injury to himself beyond that which is suffered by the rest of the public. Public
nuisance is a crime actionable at the suit of the attorney general on behalf of the
public at large.
Private nuisance; it is the one’s own land in such a reasonable manner as to cause
interference with another person’s use and enjoyment of his own land. The common
forms of nuisance are noise, smoke, gases, heat etc.
6.0 How Types of Tort Affect Business
The area of tort law covers a wide range of misconduct including personal injuries, negligence
and malpractice. Business is a crucial part of life, there should be some kind of law, rules and
regulations for it to function in a discipline manner. Business torts usually involve an intentional
and improper interference with the business interests of another.
This involves injury to another’s business interests. These can include losses that may occur in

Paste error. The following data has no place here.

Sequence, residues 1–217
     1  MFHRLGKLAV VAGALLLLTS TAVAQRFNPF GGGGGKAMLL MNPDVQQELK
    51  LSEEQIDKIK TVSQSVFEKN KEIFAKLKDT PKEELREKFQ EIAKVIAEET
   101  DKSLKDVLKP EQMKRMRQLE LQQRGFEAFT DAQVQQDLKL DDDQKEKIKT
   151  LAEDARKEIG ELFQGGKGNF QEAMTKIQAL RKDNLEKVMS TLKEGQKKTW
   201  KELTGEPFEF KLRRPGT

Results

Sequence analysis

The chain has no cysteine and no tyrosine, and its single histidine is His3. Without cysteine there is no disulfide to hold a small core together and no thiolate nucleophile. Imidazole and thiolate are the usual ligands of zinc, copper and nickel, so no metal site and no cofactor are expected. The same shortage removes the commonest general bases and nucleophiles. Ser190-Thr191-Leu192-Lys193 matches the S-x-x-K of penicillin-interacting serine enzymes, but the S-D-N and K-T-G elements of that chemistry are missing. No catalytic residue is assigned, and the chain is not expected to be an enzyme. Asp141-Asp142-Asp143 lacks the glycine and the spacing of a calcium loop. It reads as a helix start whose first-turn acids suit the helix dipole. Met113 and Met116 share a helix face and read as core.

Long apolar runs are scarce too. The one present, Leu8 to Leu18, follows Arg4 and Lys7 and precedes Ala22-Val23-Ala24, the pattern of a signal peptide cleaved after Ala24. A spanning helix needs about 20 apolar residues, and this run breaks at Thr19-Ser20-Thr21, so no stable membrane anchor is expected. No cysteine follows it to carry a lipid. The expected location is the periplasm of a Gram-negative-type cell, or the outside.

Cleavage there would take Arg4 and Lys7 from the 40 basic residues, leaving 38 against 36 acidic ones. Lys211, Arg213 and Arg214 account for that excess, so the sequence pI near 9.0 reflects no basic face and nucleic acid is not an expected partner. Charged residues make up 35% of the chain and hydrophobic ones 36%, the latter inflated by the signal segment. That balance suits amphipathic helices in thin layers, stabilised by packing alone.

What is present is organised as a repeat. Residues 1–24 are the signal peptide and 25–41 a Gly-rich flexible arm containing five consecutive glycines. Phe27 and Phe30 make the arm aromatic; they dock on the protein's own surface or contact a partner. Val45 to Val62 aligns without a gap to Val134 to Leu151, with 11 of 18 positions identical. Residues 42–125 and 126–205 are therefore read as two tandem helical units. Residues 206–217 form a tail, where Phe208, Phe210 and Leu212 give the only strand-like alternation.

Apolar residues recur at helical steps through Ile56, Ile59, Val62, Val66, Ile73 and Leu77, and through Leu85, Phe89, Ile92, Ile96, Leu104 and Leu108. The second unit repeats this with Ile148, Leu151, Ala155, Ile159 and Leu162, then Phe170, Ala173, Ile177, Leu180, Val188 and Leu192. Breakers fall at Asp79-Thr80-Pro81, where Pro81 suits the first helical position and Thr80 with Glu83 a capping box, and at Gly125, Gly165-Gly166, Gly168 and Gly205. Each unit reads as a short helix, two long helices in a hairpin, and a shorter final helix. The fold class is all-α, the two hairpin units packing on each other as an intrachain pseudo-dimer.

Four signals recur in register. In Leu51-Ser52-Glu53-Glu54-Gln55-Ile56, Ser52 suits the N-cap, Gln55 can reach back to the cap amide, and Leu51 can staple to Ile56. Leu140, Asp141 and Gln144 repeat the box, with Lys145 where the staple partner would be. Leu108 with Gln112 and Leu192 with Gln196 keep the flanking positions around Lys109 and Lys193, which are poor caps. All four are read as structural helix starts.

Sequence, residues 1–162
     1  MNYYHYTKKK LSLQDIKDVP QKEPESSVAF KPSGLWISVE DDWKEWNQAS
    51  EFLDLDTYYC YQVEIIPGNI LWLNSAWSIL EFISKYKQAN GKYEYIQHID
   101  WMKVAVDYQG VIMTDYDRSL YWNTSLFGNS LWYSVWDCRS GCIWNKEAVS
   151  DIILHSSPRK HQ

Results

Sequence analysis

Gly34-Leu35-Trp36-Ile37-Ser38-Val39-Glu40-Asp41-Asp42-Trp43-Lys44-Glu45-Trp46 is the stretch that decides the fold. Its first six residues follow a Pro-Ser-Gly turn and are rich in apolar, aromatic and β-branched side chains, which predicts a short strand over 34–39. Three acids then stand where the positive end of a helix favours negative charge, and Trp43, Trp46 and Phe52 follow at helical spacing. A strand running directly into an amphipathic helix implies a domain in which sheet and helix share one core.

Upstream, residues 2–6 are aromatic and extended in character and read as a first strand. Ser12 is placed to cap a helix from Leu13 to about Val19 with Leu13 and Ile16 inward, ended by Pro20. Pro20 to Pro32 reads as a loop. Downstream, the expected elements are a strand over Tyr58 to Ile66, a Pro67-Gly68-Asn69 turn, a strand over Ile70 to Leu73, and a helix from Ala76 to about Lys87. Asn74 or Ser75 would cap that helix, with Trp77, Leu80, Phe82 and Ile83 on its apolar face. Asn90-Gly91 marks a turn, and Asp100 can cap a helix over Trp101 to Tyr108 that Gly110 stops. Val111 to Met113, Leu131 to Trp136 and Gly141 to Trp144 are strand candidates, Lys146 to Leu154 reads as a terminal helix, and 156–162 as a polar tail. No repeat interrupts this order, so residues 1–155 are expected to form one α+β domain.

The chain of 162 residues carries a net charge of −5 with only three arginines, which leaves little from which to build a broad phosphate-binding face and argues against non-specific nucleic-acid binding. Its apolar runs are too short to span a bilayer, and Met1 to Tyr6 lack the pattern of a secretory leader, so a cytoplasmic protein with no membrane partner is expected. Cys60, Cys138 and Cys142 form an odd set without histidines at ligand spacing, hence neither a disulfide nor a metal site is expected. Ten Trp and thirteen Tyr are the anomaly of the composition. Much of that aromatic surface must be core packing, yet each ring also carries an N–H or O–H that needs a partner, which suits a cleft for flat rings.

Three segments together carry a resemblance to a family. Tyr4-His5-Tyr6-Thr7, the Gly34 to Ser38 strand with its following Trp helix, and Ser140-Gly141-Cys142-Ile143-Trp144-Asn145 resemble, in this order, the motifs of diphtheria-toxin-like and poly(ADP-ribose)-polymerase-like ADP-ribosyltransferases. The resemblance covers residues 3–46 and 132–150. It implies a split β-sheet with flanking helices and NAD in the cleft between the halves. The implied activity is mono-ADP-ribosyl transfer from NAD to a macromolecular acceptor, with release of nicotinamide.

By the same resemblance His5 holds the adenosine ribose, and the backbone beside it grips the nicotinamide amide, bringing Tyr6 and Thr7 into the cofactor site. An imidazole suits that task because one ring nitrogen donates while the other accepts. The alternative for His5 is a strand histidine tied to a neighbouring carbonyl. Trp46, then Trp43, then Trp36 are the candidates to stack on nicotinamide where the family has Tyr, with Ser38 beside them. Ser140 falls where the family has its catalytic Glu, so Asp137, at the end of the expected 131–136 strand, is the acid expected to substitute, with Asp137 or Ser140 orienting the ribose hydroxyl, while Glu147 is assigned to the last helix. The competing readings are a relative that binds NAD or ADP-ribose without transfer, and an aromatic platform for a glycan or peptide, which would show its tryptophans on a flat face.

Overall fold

the future rather than losses that were experienced in the past .Because of this aspect; many
business tort claims involve a complex determination of the plaintiff’s future or projected losses.
Tort law seeks to provide reimbursement to members of society who suffer losses because of the
unreasonable ‘conduct of others. A business may be found negligent for a number of reasons, all
of which involve breaching duties that the business has towards others. These duties are known
as duties care or duties of trust.
A small retail business has a duty of care for small delivery personal, customers and